Those goals can be complicated. Ana Andrew, a 25-year-old housing counselor from the Bronx, was pregnant and head-over-heels for her boyfriend. But, by her third trimester, he became controlling and manipulative. He put parental-control locks and GPS tracking on Ana’s phone. He wouldn’t let her wear makeup, heels, or even clothes that fit her. And, although Ana worked, her boyfriend didn’t allow her to keep her own money; he had to approve everything she bought. “I wanted to leave,” says Ana, “But, I was scared, embarrassed, and hated myself so much… I didn’t have the strength. And, having grown up without a father, I wanted to keep my family together.” So, for many years, she stayed.
This feeling of powerlessness is common in domestic violence survivors — which is why advocates must act as their counselors, not dictators. “Survivors have been controlled in every way you can imagine,” explains Juanito Vargas, Associate Vice President at Safe Horizon, a service provider in New York City. “When someone comes to get help, we don’t want to say, ‘We’re going to tell you what to do and how to do it.’ That would just be going from one controlling relationship to another.” So, while advocates will alert victims when they feel their safety is at risk, they will never tell anyone he or she needs to leave. “From the outside, it can seem so inconceivable that someone would stay, but there may be things from that relationship a person needs...finances, childcare, or even being loved,” Vargas adds. “There are people who go to jobs that are horrible, terrifying, and demoralizing — but they go back because there are things there they need.”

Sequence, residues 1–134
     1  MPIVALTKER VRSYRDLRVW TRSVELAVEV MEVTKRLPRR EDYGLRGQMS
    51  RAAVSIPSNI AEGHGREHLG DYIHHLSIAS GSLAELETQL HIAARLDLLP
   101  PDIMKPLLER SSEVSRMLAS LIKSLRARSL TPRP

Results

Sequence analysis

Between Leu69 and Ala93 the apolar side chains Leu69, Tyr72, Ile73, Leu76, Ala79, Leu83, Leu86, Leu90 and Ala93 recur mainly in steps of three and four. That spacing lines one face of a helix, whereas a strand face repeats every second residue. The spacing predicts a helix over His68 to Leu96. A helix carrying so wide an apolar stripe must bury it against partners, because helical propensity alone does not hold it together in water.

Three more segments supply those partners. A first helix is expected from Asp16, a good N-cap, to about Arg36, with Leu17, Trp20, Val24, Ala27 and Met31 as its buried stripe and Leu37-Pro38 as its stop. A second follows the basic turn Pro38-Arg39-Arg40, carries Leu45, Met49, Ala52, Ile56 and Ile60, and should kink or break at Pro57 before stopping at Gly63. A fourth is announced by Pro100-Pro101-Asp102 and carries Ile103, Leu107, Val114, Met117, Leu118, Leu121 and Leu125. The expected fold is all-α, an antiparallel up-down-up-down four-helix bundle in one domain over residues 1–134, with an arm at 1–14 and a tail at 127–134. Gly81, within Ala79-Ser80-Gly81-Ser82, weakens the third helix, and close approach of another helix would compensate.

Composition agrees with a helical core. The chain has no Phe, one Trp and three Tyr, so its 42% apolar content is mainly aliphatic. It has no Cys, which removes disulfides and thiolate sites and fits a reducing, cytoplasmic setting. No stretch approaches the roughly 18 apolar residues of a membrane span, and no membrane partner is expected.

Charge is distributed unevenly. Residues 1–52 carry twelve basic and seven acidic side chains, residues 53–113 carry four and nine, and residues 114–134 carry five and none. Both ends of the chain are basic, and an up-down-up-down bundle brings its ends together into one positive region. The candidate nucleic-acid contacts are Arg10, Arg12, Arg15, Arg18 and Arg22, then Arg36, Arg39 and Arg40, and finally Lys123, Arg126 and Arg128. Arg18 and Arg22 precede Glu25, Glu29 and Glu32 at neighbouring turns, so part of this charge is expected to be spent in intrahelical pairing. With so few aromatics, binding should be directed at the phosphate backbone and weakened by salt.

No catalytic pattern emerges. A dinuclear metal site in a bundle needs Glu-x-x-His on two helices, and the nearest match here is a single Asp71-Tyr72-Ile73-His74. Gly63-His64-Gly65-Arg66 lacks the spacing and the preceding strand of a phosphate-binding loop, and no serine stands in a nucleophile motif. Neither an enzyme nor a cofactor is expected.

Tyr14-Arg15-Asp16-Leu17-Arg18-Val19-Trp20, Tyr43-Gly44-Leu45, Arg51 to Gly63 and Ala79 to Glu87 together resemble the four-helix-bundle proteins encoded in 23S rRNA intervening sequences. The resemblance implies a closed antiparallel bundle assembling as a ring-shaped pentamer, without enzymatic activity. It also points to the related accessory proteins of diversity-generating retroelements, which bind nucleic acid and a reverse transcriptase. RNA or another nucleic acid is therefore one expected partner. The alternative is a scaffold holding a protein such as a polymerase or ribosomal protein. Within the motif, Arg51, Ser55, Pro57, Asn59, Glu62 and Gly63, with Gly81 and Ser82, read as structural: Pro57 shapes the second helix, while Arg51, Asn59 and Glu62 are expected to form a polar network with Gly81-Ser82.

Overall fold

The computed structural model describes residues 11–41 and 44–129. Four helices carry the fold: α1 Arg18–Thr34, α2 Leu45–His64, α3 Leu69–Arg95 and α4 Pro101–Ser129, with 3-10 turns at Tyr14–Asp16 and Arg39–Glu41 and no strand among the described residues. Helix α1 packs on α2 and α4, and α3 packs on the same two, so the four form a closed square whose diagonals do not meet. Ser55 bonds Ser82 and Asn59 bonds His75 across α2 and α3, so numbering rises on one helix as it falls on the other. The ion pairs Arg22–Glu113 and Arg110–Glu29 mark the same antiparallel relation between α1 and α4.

Another reason advocates never tell survivors they need to leave is because unless a woman decides to leave herself, for herself, she won’t. And, when she doesn’t, she’ll feel she’s let people down — which only further isolates her. “You can’t pressure a person to leave, because the second you start pressuring, they will run back to the abuser.” explains Laurie. “Leaving is tricky, both for safety reasons and because you’re so mentally fucked-up at that point, you can’t make rational decisions.” Survivor-centered advocacy is based heavily on motivational interviewing, which empowers clients to think for themselves and make their own choices. “The idea [is] that change is more likely if it originates from the individual,” says Vargas. “This is absolutely true when it comes to domestic violence survivors.”